One of my favorite places in the desert is Saddleback Butte State Park, a modest, Joshua Tree-girt peak located in the heart of a triangle between Palmdale, Victorville, and Edwards Air Force Base. The campsites are mostly primitive, but there are toilets and showers, making extended stays possible.

I have been twice, and only on the last trip – in early 2020 – was I in the kind of shape to take on the crest of the Butte. It’s about a 1,200′ rise in about 4 miles, but the altitude is enough to tucker someone in poor shape, and the last 100 feet is a scramble not far from some fairly sheer cliffs. Summiting this modest promontory was more satisfying that I had imagined it would be, and vistas from Palmdale to east to Victorville and Edwards south to the ridges behind Wrigtwood on a bright and clear day were a huge payoff. I only regret not having taking better pictures.

I rewarded myself and my scouts with the above patch, purchased from the park gift shop in a trailer at the north end of the park, just as I had watched my predecessor do on our last trip.

This will go on a brag rag of some sort, either a blanket or a shirt. Either way, it is a favorite. I hope to go back soon: the campground is a delight and worth the drive.

Mugology: Zona Dreams

I picked up this little fellow in a tiny shop in Williams, Arizona while waiting to go in for dinner at the Red Raven. It’s cheesy, but it reminds me that I’ll live there again one day, when the fires, mudslides, quakes, crowds, taxes, and cost of living all get to be too much.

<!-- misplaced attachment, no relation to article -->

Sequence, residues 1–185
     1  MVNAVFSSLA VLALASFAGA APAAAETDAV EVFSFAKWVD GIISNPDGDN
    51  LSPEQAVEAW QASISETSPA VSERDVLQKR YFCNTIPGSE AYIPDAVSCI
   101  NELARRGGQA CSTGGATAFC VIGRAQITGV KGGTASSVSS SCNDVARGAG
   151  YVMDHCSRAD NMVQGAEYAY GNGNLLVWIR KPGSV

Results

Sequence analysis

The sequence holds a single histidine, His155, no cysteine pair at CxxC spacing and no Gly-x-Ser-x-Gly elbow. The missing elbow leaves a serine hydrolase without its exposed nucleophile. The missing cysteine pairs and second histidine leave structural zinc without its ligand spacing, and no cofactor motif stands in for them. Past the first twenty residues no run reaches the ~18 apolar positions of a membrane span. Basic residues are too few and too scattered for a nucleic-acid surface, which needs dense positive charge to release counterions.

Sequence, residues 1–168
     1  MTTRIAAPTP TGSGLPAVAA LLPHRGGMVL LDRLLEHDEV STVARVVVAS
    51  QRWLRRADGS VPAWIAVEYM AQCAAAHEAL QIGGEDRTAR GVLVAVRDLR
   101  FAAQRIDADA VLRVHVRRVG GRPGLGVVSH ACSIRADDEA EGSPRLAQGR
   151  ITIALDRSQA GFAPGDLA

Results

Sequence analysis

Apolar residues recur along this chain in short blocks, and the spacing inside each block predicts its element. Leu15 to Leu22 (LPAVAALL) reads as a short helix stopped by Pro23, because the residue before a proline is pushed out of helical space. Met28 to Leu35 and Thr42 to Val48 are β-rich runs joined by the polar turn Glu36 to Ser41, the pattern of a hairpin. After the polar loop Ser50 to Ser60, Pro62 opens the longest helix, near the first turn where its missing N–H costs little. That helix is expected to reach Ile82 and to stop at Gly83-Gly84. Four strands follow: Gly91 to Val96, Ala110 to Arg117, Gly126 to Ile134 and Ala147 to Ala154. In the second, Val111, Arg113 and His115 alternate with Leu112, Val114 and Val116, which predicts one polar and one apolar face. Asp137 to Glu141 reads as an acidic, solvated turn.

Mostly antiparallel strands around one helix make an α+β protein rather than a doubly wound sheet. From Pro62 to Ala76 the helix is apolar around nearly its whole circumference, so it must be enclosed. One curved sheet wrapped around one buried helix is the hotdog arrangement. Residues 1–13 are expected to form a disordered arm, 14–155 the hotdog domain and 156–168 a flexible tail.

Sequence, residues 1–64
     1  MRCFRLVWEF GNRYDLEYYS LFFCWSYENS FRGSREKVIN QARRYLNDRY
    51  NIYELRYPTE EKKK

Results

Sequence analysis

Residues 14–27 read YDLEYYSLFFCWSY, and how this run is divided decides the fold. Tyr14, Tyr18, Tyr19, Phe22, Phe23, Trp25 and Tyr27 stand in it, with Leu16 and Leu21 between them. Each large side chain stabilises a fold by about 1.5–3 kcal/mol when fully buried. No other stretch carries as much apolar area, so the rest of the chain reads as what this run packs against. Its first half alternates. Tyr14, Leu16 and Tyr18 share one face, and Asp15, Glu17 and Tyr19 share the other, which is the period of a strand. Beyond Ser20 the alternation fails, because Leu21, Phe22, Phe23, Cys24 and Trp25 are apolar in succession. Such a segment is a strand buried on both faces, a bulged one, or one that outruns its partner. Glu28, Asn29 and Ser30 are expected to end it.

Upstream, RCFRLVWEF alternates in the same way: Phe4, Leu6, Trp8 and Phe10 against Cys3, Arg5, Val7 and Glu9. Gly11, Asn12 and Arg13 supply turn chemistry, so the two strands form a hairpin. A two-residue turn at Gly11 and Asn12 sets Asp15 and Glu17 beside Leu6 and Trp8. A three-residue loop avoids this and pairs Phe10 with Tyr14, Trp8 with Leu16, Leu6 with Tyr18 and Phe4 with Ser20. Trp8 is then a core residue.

Patchology: Presidential Champion

Back in July I talked about how important the President’s Challenge and the Presidential Active Lifestyle Award (PALA) were to me changing my thinking and my lifestyle, to getting me off my ass, off of fast food, and onto a much better life.

After earning the PALA four times, I decided to take on a much tougher challenge, the Presidential Champions Award. I managed to make it to the Bronze Award finally in 2016 year, and was starting work on Silver when the program was terminated in August 2017 by a President for whom “fitness” was, apparently, a four-letter word. 

So I am doubly proud of this award, which is the highest recognition that I have received for any physical activity since I was in High School. It took me the better part of a year to complete the requirements, and by the time I had completed it, fitness had become a part of my life, rather than something that intimidated me.

My GeekWatch

Of all of the watches that I can afford, this one remains my favorite. I’m now on my third Casio ProTrek. No, they’re not legacy watches: they last about ten years or so, even with regular service. But the last one I owned I literally wore everywhere, including some shallow scuba dives, and it only needed service when I took it below 20 meters too many times. They’re solar-charged, glow in the dark, are lightweight and tough as hell.

Don’t tell my wife this, but I’ve never been a Swiss luxury watch kind of guy, and the Apple Watch just seems like overkill. Between my Casio ProTrek and my Garmin Fenix3, I’ve got all of the timepieces I’ll ever need: geek watches for the trip, trail, and workshop.